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Beause of the location of our NiCA Project at Bwama Island in the beautiful Lake Bunyonyi, not far away from National Parks where Mountain Gorillas can be tracked, and not in the last place because of the special circumstances that led us to this very area, an article about these wonderful, yet seriously endangered animals cannot be missed on this website!
Uganda belongs to the only three countries in the world where Mountain Gorillas exist. The other countries are Rwanda and the Democratic Republic of the Congo, both bordering Uganda. Mountain Gorillas are the largest of all the gorillas and they are the most endangered. They cannot be found in any zoo in the world, because they do not survive in captivity. In 2013, their number was estimated to be around 750.
Until 1902 the Mountain Gorilla was not even known to exist. No one had thought that any gorillas could exist in high altitudes and a much colder climate than West-Africa, where other gorilla species live. Back in 1902, with Rwanda being a German colony, a man named Kapitän von Berenge was, with some friends, climbing Mount Sabinyio on the Rwanda side of it, and they spotted a group of unknown apes at 2850 meters above sea level. They shoot a young male that was about 5 years old, 100 kilos and not too large, but larger than any apes they had ever seen. It was sent to Germany, where the animal was identified as a gorilla. Very interesting to know is that gorillas and humans are 98% genetically identical!
The forests where the Mountain Gorillas live are often cloudy, misty and cold. The largest Mountain Gorilla population (about 400) can be found in Uganda’s Bwindi Impenetrable National Park, also called, “Place of Darkness”. The canopy of the trees makes the forest dark. The altitudes of the forest are between 1,160 and 2,607 meters above sea level. A much smaller Mountain Gorilla population can be found in Uganda’s Mgahinga National Park.
Although strong and powerful, Mountain Gorillas are generally known to be gentle and shy. They are considered to be highly intelligent, have been observed using tools like other great apes, and communicate using a variety of vocal sounds. Being primarily herbivores, they spend a lot of time eating fruits and leaves.
Mountain Gorillas live in close family groups. A typical group contains: one silverback, being a mature male, who is the group’s undisputed leader; one or two blackbacks (also males), who act as sentries; three to four sexually mature females, who are mostly bonded to the dominant silverback for life; and from three to six juveniles and infants.
The dominant silverback generally determines the movements of the group. He leads it to appropriate feeding sites. He mediates conflicts within the group and protects it from external threats. When the group is attacked by humans, leopards, or other gorillas, the silverback will protect them even at the cost of his own life. If a mother dies or leaves the group, the silverback is usually the one who looks after her abandoned offspring, even allowing them to sleep in his nest.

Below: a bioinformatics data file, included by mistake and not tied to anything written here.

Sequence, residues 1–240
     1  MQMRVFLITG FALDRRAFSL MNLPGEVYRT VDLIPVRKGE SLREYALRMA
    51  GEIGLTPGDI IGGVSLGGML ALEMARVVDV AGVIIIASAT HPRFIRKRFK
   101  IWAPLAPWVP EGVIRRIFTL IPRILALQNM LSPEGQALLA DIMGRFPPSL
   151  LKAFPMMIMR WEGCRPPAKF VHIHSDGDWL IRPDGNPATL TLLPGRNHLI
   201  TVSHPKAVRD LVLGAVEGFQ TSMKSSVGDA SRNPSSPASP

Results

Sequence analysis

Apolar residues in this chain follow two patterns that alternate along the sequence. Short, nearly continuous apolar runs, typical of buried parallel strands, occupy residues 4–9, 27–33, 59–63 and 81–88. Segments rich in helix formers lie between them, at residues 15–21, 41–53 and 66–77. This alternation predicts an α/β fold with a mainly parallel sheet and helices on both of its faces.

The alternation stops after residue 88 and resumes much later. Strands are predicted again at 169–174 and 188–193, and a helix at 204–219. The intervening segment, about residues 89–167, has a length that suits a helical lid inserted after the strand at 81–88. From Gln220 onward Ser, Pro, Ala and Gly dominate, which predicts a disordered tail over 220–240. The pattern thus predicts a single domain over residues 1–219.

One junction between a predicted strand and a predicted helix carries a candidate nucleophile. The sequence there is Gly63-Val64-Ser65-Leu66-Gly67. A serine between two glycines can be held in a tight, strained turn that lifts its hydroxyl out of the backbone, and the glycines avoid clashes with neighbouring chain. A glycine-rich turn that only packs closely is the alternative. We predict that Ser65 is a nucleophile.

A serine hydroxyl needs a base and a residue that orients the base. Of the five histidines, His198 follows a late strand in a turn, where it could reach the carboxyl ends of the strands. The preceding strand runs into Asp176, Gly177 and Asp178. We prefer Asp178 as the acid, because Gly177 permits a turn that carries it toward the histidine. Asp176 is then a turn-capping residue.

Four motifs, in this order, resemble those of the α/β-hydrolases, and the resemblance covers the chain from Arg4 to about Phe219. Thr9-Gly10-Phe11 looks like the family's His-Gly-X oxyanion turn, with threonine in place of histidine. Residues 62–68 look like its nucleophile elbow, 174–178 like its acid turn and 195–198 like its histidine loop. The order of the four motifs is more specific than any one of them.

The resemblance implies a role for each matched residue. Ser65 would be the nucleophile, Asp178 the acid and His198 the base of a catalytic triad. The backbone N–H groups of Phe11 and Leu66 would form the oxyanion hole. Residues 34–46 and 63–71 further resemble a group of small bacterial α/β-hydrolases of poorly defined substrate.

In Uganda, Mountain Gorilla tracking is the most popular tourism activity. No wonder, since from the number of them left in the world more than half can be found in the above mentioned parks in the country. The limited number of groups that can be seen during gorilla trackings are habituated. That means that they are accustomed to people, which is a process that takes about two years.
As Mountain Gorillas do not survive in captivity and with them having become more and more endangered to the point of becoming extinct, due to factors caused by humans, preservation of their habitats became essential for their survival. They were poached, their habitats had been far reduced due to the ongoing cutting of huge amounts of trees, and also, due to wars refugees were entering their habitats. To bring all that to a halt, in 1991 the until then named Bwindi Impenetrable Forest was reclassified as a National Park and renamed Bwindi Impenetrable National Park. Also, the Mgahinga Gorilla National Park was created. The parks are located not far from each other in the south of the country.
Fortunately, this preservation has led to the number of Mountain Gorillas having increased again, but the species is most vulnerable, still today. In Uganda, for Mountain Gorilla tracking $600 must be paid by each tourist. That may sound like a high amount at first, but it must be taken into consideration that it is mainly spent on the conservation of the gorillas.
Sadly, due to the necessary conservation projects to protect the Mountain Gorillas, people belonging to one of the oldest surviving tribes in Africa, the Batwa, were evicted and denied access to the areas that had until then been their homeland. In a soon to be posted article I will explain more about the Batwa and their difficult position.
Update November 2018: the Switzerland-based International Union for Conservation of Nature has updated the status of mountain gorillas from “critically endangered” to “endangered”. There are now just over 1,000 of the animals in the world, up from an estimated population of 680 a decade ago. Measures to protect the mountain gorillas from extinction, together with proceeds from tourism that helps in funding conservation have contributed a lot to the positive result, yet, it is important to note that their numbers could still slip back very quickly, as there are still just two fragile and small populations of them.
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